Fish depend on healthy habitats to survive and thrive. This is precisely why fisheries reserves are so important. Fortunately, fisheries experts from the National Oceanic and Atmospheric Administration (NOAA), regional fisheries councils, federal agencies, and state agencies have opportunities to work together on fish protection plans to ensure that publicly funded projects take into account our country’s coastal fish habitats.
As an angler, you should be aware of fishery reserves and national fish protection practices. There are three types of national fisheries reserves that you should know about.
Essential fish habitat (EFH)
Essential Fish Habitat (EFH) encompasses all types of aquatic habitats where fish spawn, breed, feed, or grow to reach maturity. Wetlands, coral reefs, sea grasses and rivers can be essential habitats. In fact, if any federal agency, including the military, is operating in an area that adversely affects the fish’s essential habitat, consultation with the NOAA fisheries is required. The agency and NOAA are working together to develop recommendations for the protection of detached houses in order to find out how coastal development can best be carried out while at the same time supporting the habitat of the fish and minimizing or avoiding environmental damage.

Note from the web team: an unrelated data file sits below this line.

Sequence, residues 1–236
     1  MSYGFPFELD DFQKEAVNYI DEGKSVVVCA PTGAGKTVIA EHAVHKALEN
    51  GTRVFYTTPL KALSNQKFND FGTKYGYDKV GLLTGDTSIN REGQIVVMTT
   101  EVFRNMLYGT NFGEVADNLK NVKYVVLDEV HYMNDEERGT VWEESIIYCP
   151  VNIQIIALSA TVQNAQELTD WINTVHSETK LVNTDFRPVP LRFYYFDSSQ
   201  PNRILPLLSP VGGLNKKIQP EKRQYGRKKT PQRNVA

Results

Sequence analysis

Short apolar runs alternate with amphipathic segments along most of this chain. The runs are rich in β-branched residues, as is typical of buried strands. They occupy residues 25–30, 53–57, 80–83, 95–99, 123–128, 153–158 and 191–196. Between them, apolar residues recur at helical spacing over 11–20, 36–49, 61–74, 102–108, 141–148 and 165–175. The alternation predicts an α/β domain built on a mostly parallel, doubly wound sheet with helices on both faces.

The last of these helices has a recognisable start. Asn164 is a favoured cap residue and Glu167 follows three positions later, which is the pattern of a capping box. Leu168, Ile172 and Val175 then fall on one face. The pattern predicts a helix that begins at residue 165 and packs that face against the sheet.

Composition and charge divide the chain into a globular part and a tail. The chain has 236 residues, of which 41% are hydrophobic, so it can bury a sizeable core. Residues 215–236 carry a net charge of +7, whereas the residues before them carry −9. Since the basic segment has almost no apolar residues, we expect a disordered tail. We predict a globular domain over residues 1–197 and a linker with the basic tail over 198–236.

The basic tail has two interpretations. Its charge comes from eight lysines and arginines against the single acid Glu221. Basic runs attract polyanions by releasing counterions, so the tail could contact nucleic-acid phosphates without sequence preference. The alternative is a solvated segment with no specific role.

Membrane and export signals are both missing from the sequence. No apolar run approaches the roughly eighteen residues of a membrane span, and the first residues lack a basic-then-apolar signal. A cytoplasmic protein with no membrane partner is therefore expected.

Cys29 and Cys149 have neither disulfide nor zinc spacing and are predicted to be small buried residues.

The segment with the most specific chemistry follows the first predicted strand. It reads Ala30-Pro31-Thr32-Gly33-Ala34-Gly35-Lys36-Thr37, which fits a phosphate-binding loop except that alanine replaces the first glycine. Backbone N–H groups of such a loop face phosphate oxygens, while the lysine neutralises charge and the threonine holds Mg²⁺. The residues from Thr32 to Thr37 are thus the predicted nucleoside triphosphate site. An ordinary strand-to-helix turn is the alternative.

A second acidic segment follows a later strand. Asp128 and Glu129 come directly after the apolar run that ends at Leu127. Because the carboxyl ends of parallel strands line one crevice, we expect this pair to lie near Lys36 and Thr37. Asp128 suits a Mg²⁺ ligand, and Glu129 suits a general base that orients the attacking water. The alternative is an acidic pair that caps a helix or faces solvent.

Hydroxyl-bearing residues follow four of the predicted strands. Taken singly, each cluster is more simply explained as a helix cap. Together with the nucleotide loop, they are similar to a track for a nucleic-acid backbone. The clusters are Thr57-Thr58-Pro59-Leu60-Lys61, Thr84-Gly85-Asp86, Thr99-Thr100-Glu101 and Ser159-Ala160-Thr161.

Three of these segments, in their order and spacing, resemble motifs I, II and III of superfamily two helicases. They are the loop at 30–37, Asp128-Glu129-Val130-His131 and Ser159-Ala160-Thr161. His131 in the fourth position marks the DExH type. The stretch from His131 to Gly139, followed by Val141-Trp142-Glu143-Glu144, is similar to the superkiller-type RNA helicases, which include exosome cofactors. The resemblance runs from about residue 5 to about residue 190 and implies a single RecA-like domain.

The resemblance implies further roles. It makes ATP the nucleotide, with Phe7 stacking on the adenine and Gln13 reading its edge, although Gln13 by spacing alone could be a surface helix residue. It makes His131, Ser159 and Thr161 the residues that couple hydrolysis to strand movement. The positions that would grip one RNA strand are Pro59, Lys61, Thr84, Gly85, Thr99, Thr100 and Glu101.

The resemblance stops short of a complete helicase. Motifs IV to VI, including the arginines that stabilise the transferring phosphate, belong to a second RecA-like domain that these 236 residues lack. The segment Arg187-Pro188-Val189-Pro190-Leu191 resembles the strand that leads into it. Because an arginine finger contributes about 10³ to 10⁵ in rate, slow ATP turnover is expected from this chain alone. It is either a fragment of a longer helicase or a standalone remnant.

Essential protected areas for fish habitats (EFH protected areas)
EFH protected areas are closed to certain types of fishing (as defined by certain longitude and latitude coordinates) in order to minimize the adverse effects of fishing on the essential fish habitat. If you are unsure of the nature reserves or nature reserve rules, you can find the NOAA EFH Mapper online. The NOAA EFH Mapper is an interactive map that shows all EFH areas that are protected from fishing or lists regulations for fishing in nature reserves.
Special Habitat Areas (HAPCs)
Habitat Areas of Particular Concern (HAPCs) are high priorities for the preservation of single family homes. HAPCs are habitat areas with important ecological functions or rare habitat areas that are particularly prone to degradation. HAPCs can include estuaries, kelp, shallow coral, seagrass, and rocky reefs. Using HAPC coordinates and the NOAA mapper, you can identify the areas that meet the HAPC conditions.
As you learn more about different fish species and the habitats they live in, you will also better understand the long-term importance of regulations governing fisheries in nature reserves.